Now I have a qualification as an English teacher, and as a personal trainer. And except for my dissertation, I have completed a masters in Near and Middle Eastern Studies at SOAS.
How has spending time in academia changed you musically?
A lot of my older music was quite sloganeering. It was meant to be a companion to people’s dissent. But the new album is a bit more intricate, nuanced, less sure of itself. I think people naturally progress from their early twenties into their thirties by becoming less sure of the world, and that’s what I’ve done. I still hope that my music can serve as a call for rebellion, but it’s a more sophisticated form of rebellion.
Your album starts with a conversation between yourself and acclaimed academic Noam Chomsky , and filmmaker Ken Loach and comedian Frankie Boyle feature on your single ‘ Long Live Palestine 3 ’. What made you opt for these unconventional features?
They’re definitely a vehicle to spread the message wider because they have followers who will be interested in some of the things I’m talking about on the album. My music and my shows are partly about political education, but also partly about politically organising as well. Songs and poems have always accompanied dissent. There is a film by Ken Loach, What Side Are You On?, about the miners’ strikes, and it looks specifically through the lens of the poetry and the music that was being made at the time. I think his films are really brilliant in terms of encouraging people to collectivise.
Your first two singles off the album, “The Return Of Lowkey ” and “GOAT Flow ”, have modern, trappy instrumentals, but on the album you’ve balanced these with your normal style of making boom-bap hip-hop. Was there any strategy behind this?
When producers send me beats, I’ll use what moves me to write. And "The Return Of Lowkey" beat did that for me. I think it is important to make your music relevant to a younger age group as well. This is the thing about growing older: you start thinking, okay well, do I just want to speak to my generation, or to a younger generation too? Especially when I feel the younger generation are far more vulnerable than ever before. Honestly though, I don’t think my last few years have been defined by broadening my horizons musically. In a way, I felt one at one point that listening to music or watching films was a waste of time, and that I should be listening to a lecture or reading instead. That’s the kind of space I’ve been in.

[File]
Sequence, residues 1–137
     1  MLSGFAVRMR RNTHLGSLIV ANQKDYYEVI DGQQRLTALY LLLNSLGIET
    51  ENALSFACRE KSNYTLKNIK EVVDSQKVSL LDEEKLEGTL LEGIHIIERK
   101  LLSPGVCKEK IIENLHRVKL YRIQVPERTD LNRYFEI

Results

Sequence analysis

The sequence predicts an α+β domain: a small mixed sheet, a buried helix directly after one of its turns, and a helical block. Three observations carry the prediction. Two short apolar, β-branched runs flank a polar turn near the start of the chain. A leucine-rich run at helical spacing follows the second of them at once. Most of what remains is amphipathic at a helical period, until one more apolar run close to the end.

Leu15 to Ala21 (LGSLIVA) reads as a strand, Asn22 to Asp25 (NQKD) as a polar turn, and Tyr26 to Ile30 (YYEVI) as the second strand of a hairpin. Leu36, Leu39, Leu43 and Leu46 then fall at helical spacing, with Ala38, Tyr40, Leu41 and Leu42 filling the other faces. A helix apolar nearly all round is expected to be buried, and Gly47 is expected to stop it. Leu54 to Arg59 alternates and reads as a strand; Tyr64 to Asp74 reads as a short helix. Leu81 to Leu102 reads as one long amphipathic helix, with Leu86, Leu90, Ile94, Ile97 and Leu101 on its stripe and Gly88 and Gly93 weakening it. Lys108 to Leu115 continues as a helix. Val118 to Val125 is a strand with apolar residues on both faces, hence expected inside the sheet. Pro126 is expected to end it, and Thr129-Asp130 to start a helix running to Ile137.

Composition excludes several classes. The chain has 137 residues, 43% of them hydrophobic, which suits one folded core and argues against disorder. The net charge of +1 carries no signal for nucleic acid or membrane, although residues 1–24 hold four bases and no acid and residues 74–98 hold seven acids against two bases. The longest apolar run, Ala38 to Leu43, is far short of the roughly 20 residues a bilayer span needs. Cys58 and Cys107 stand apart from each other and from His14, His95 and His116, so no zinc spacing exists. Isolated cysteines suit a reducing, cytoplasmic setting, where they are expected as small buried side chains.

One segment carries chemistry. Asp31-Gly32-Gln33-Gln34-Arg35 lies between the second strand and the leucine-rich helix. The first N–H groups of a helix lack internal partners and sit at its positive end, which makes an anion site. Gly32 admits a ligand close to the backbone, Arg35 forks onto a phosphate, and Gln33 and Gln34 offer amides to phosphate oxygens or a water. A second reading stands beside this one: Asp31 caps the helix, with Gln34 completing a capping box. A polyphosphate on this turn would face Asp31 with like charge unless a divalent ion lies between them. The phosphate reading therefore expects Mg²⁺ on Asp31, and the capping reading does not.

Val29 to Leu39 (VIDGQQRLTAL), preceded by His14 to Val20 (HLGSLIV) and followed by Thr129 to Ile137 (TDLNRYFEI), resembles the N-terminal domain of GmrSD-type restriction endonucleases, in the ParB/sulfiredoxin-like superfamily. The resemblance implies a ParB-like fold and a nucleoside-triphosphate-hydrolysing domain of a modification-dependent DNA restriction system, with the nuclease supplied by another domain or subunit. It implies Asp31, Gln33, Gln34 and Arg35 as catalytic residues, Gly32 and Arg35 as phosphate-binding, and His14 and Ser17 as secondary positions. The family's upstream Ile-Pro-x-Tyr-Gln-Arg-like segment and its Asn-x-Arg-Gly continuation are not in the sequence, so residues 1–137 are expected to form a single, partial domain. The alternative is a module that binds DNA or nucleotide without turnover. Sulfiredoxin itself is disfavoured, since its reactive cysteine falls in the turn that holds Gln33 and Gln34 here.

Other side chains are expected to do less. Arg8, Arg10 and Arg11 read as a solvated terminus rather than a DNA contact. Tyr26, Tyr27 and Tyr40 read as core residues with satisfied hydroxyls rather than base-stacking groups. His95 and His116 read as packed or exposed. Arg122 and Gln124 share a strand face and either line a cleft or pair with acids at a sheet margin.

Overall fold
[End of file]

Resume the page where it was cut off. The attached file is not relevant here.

But the problem with thinking like that is that you miss out on the way music can enrich your soul. Through making music, if you can move someone to tears, then you can move them to action. If you can combine that deeply touching aspect of music with a political message that is trying to make a listener aware of a situation they may be entangled in, but don’t otherwise have awareness of, that’s powerful. My music is about visibilising those entanglements.
To some extent your music is about giving a voice to the voiceless. You’ve always tried to represent perspectives that won’t otherwise be heard. Why do you think that is so important?
Arundhati Roy has an amazing quote where she says: “there is no such thing as the voiceless, only the conveniently unheard”. So actually, I think that attributing voicelessness to people can take away their agency. There are those whose voices are censored or discounted, and whose narratives are marginalised. Now if over and above this endless cycle of consumption we live in, where companies are constantly competing for our attention, you can actually hear from people who pay the biggest price of the economic status quo, then why not amplify them? Right now, the world’s richest eight men are worth the same as half of humanity. That’s not an economic system that works. And if you connect with people on the losing side of that equation, and you consider yourself part of that disenfranchisement, then collectivising is the best way to further your interests.
Over the years there have been a few big moments where songs of yours connect with the public on a higher level because they are response to things going on in the world. One of them is “Ahmed ” (a one-off song, released in 2016), as a response to the mass tragedy of the migration crisis. Talk me through what drove you to come out of your break from music to make it.